Broken Kitchen Faucet? Learn How You Can Remove It

Do you have a kitchen faucet that is broken and needs to be replaced? If so, you may be wondering if you can do this job on your own. Here are some tips for replacing a kitchen faucet for those that have not done it before.

Prep Work

Replacing a faucet means getting underneath the kitchen sink to remove it, so get ready by removing everything from underneath the kitchen sink. Doing so should make it much easier to get into the tight space to loosen all of the connections.

You'll also want to shut off the hot and cold water lines underneath the sink as well while you are down there. Turn the faucets on to drain all remaining water from the lines, then shut off the faucets.

Place a bucket underneath the water lines as well to catch any water that may drip down during the replacement process.

Sprayer Removal

For sinks that have an attached sprayer, you must remove the device next. The sprayer should unscrew from the main hose, but make sure the hose does not fall underneath the sink and allow any water in the hose to fall into the cabinet. Slowly lower it under the cabinet and drain the water line into the bucket. Keep in mind that disconnecting the sprayer may require a wrench if it is on very tight.  Next, remove the hose from where it attaches to the water lines.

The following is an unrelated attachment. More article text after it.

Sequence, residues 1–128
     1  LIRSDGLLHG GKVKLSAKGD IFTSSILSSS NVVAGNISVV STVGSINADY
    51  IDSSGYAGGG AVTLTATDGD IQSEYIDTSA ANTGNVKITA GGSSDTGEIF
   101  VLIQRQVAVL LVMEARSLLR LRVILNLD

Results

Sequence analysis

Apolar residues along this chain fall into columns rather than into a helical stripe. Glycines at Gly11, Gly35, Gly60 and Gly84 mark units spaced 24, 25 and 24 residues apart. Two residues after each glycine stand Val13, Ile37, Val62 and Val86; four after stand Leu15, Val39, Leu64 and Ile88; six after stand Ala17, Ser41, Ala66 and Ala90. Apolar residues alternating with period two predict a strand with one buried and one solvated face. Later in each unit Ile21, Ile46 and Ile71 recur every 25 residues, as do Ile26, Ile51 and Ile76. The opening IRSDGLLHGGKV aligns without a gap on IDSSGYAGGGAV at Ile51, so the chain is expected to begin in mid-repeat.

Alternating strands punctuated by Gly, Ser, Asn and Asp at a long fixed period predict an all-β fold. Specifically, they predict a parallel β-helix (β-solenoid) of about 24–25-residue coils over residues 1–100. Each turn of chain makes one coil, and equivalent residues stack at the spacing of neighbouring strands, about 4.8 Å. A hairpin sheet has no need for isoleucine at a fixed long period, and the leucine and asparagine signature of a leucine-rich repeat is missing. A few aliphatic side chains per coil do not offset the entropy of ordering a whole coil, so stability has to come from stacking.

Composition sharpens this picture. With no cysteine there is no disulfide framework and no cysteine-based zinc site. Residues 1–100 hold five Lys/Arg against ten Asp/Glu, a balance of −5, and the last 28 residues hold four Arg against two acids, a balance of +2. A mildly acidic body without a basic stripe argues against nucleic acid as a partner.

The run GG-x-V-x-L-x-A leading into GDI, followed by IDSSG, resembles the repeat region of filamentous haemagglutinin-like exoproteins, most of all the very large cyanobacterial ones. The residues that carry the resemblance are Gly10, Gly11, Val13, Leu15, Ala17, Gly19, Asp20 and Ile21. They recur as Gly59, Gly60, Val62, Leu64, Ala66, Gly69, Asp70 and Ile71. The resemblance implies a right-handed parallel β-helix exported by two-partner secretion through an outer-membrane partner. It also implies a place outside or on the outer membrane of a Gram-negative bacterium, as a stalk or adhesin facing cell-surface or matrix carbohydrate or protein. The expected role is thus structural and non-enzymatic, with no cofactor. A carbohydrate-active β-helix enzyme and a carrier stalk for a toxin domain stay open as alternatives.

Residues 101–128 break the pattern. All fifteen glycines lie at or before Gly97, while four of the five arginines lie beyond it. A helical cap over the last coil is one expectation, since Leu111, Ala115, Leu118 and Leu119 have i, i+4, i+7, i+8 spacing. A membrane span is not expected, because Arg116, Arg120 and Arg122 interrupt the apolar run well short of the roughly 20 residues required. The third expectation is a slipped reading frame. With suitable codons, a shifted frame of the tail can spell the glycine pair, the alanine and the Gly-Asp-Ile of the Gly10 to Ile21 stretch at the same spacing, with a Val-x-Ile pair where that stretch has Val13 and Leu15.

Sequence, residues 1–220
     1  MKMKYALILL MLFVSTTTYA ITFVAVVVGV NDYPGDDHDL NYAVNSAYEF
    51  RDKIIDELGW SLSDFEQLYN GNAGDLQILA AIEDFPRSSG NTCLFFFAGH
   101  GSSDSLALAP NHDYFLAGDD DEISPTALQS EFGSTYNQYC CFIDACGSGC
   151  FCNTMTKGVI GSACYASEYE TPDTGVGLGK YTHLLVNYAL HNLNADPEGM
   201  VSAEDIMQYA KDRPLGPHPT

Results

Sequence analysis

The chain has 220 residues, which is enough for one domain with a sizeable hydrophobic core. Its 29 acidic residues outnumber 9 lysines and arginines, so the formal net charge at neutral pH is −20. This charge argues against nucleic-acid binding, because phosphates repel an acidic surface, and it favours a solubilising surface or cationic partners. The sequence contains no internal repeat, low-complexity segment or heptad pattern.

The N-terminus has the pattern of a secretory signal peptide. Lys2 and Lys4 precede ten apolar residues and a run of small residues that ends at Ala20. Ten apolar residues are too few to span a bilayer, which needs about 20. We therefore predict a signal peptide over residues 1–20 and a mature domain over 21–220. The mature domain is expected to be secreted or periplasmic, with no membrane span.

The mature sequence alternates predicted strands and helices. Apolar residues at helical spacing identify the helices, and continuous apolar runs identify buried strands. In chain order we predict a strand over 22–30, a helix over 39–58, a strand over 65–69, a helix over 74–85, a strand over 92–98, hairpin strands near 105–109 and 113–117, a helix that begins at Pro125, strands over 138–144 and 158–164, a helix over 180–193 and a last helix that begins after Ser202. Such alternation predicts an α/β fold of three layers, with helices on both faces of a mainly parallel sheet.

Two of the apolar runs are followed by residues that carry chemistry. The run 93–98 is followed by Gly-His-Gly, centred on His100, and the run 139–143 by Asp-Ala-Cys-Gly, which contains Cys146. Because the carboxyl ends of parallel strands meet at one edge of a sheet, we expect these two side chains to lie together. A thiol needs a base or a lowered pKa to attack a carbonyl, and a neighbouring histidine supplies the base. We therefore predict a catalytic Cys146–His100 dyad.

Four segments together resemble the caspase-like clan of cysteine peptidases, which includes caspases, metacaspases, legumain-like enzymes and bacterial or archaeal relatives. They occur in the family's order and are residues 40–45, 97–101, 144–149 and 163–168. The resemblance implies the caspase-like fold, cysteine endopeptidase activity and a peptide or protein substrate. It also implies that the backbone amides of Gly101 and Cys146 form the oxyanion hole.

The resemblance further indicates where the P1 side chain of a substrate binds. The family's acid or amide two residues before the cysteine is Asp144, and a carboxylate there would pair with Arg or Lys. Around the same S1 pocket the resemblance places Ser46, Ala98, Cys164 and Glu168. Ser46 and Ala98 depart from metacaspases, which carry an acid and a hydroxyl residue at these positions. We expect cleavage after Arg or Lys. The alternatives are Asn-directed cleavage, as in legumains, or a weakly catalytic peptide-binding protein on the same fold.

Supply Line Disconnection

There will be two water hoses that go to the faucet, which are those supply lines for the cold and hot water. They can be disconnected by unscrewing them from underneath the sink. You should not need to disconnect the supply lines from the wall, just from the faucet.

Retaining Nuts Removal

Finally, you'll need to remove any retaining nuts that are holding the faucet to your kitchen sink. These retaining nuts have the potential to corrode due to spills and leaks from being attached to the sink. You might need to soak the retaining nuts with a lubricant and let is soak for a few minutes before you can remove the retaining nuts. Then you'll be able to loosen them with a basin wrench. With the retaining nuts gone, you can pull up on the faucet to remove it from the sink.

If you are not up to the task of replacing the faucet, or want to see if a plumber can fix it for you, reach out to a local professional, like one from Arnold  &  Sons_Plumbing Sewer &  Drain Services, that can do it for you.